Come on fellow hockey scribes, we are better than that.
So much happened in the game last night that I really feel the following stuff is being shrugged to the backburner, but there's some good stuff here.
First, Jaromir Jagr was very good for the Flyers with two goals and an assist. He especially looked good on the power play were he created a lot of space for Danny Briere and Claude Giroux.
When Chris Pronger is healthy and able to man the point on that power play, and big-bodied players like Scott Hartnell or James van Riemsdyk, neither of which dressed for yesterday's exhibition game, are parked in front of the net, this power play could be dangerous - a big upgrade from last season's inconsistency.
Here's Jagr after the game. Please pay attention to what he says about Giroux, who will be his linemate this season probably with JVR on the other wing. It's pretty effusive praise.
Q: You seemed to be especially comfortable on the power play, is that something that’s starting to come along here?
“The power play is the same everywhere, big ice or small ice, so that’s okay. We did it a little better than last game, and when (Claude Giroux) in the center it makes it a lot easier. He's that good. You guys have a good future here. Don't worry about anything. He's a little genius.”
Q: Does he remind you of anyone that you played with?
"(Me) when I was younger (a lot of laughter). He's a little Mario Lemieux. He's a little smaller but he can see and he's got great hands. You have to be watching all the time because you never know when the puck is coming."
Drawing comparisons to two of the 10 greatest point producers in NHL history is some kind of praise, especially when one of those players is offering the compliment, no?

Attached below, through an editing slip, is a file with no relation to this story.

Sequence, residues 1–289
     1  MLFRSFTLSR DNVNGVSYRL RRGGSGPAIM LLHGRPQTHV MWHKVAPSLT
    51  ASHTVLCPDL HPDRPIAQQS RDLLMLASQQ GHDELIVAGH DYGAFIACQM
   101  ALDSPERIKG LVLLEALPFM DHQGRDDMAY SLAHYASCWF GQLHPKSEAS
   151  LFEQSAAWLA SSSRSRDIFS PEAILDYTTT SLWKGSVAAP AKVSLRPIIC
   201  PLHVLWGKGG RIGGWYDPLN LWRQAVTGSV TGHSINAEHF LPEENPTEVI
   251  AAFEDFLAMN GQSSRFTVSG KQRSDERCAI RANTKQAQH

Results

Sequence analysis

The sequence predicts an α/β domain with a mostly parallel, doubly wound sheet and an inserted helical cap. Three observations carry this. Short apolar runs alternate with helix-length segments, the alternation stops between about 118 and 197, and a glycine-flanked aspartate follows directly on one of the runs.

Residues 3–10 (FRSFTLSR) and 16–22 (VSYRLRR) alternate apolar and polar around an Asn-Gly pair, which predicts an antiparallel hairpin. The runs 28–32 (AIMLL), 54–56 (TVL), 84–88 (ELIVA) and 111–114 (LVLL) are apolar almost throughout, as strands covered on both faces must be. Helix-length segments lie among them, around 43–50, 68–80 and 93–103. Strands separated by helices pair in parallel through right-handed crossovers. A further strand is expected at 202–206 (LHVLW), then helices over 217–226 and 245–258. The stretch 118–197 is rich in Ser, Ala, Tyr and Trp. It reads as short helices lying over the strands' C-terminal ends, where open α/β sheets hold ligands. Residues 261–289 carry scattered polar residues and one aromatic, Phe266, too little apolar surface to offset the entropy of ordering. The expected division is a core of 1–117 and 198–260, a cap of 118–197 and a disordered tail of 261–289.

Expect a lengthy suspension for Tom Sestito for his hit on Andre Deveaux. He came from a long way away to make that hit and the league, which has been laying the hammer down with suspensions in the preseason, will likely come down hard on him.
Q: Tom, are you concerned at all that there will be a hearing after what happened?
“Yeah For sure, I think there could be one. I hoping there is not. I don’t consider myself a dirty player. I am a person that is going to finish out my checks. And hopefully it wasn’t that bad.”
Q: Can you explain what happened on the play?
“Yeah, I saw him go down and he was on the ice and we were in on the forecheck and I was just getting there as fast as I could and I think he turned a little on me before I hit him.”
Q: How tough of a break is this for you?
“Yeah, it’s definitely not what I wanted to do – sit and watch when I’m supposed to be playing and showing them what I can do. But everything happens for a reason and I just have to bounce back and show them what I can do when I get the chance.”
And here's Paul Holmgren's reaction:
Q: For a guy like Sestito, doing a lot to make the team…
“That’s exactly right, trying to make the team and he got a little over zealous and that’s unfortunate. I haven’t heard anything yet but I do expect an e-mail or a call or a text or something. “